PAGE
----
Addressing clinical and risk mitigation needs in behavioral health care environments when choosing a specialized bed

By Caroline Grimard

Product Manager

Published on May 25, 2023

The umbrella term behavioral health” covers various behaviors and health issues. As a behavioral healthcare professional, you are undoubtedly aware that each care setting has different needs, as does each person living with a behavioral health condition. What do these different situations have in common? A need for compassionate, patient-focused environments where safety considerations have been thoughtfully weighed to provide the best possible clinical outcomes. 

Beds are among the pieces of equipment in closest contact with your patient. This equipment can balance clinical and behavioral health benefits to ensure a dignified environment for your patient. 

The following article introduces some key features you might want to consider when selecting specialized beds in environments where both clinical benefits and risk mitigation must be addressed. 




Emergency Departments

The right specialized bed can support both the clinical and safety procedures your team applies daily in the emergency department (ED). As it is impossible to predict who will come through the ED doors or their condition, a versatile specialized bed could facilitate your clinical interventions while providing safety features. 

For instance, look for clinically oriented features such as a cardiopulmonary resuscitation (CPR) release handle. Some patients could benefit from a low-height bed which helps lower fall risks. An integrated scale that enables you to weigh patients in any position can be another helpful characteristic. 

Specialized beds can also offer features that help promote patients’ and care teams’ security in the emergency department. Tamperproof fasteners and hardware and permanently attached boards could help mitigate self-harm risks. You could also choose options like strategically located restraint points which would allow you to apply safety protocols if the situation demands it.  

These bed characteristics can come together to assist your ED staff in addressing behavioral health as well as physical health conditions. 


Geriatric Units

Specialized beds can also support healthcare teams in geriatric units. These professionals often have to monitor patients presenting comorbidities such as hypertension, diabetes, or cancer while addressing common behavioral health conditions in older patients. If your team works in a geriatric unit, they may want to favor beds that can support both behavioral and clinical aspects of their patients’ conditions.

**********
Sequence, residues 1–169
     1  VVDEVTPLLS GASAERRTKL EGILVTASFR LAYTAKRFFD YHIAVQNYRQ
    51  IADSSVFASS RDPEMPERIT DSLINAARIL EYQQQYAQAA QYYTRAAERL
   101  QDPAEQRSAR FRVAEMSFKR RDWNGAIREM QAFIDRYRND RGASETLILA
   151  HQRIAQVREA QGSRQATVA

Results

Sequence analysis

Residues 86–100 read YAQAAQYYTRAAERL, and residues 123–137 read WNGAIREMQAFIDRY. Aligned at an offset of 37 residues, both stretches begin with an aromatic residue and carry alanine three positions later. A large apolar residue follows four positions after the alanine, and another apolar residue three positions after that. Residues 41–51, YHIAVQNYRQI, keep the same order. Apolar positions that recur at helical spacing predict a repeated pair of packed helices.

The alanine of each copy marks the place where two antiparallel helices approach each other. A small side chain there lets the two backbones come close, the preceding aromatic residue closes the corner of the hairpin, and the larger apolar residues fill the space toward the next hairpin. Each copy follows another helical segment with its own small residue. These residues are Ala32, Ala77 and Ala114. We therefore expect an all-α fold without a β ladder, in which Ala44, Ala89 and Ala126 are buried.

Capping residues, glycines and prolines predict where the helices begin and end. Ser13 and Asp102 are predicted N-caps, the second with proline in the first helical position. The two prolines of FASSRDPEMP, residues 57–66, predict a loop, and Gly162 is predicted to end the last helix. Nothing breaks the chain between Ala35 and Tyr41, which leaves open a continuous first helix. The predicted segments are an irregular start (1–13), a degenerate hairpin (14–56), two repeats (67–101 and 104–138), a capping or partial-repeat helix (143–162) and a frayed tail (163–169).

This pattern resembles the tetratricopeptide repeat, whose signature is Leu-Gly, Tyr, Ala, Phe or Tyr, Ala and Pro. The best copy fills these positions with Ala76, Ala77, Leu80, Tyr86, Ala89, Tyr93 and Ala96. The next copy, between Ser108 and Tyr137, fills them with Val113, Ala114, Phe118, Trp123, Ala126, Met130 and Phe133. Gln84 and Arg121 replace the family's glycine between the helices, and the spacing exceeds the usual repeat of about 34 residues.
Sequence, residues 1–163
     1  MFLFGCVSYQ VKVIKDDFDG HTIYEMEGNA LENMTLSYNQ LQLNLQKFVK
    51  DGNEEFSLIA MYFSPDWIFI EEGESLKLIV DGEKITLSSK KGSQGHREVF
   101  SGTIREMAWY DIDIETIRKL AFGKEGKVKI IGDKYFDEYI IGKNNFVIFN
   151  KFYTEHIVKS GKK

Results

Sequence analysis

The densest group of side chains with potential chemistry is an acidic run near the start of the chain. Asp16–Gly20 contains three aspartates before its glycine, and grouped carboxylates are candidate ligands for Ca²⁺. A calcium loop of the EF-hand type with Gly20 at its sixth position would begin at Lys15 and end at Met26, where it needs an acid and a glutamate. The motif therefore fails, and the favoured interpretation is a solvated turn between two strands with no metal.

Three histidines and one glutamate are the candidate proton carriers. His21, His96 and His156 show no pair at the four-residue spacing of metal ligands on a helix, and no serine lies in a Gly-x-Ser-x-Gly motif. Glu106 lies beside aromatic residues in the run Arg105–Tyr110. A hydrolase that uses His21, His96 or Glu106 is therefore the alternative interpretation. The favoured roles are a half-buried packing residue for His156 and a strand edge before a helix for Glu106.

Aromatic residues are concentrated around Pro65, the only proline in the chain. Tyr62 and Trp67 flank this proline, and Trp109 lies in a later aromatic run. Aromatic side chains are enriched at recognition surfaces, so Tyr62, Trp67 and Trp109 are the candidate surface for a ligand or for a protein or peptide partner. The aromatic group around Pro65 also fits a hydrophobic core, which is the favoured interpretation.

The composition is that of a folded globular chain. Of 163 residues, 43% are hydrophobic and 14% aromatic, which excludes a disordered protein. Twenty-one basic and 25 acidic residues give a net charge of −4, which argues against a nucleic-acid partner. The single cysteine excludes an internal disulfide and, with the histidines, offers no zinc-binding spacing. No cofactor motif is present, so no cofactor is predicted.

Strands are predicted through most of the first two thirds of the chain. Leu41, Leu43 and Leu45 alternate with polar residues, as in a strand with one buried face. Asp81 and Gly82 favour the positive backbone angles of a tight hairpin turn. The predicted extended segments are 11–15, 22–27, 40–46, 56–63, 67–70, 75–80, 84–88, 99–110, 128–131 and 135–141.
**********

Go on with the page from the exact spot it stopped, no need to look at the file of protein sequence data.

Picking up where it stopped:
Some beds may have intelligent features, such as monitoring capabilities and data management, which will support care interventions. A feature such as a bed exit detection system combined with a lower bed height may also help reduce the risk of falls. On the other hand, a built-in scale could be an asset to promote the safety of less mobile patients. 

To allow you to focus on clinical care without having to perform multiple manipulations on your equipment, consider choosing a bed that offers one-touch clinical positions. An easy-to-clean bed can help you maintain clinical hygiene standards while minimizing the risk of spreading infections. 

Care teams working in geriatric settings are also committed to ensuring the comfort and safety of their patients with behavioral health conditions such as dementia. Beds with solid siderails that do not have openings may help increase the sense of security for these patients. Master locks and tamperproof brakes could also play a role in preventing unwanted bed movement. 

While considering appropriate beds for geriatric settings, you might also look for specialized beds offered in subdued, soothing colors, such as white or gray, rather than brighter colors. 


Detention Centers

Management of both physical and behavioral health is also a challenge faced by detention centers. Statistics and studies show that “[m]ore than half of [people incarcerated] have a mental health problem, a substance use disorder, or both, and they experience higher rates of geriatric conditions than the age-matched general population1.”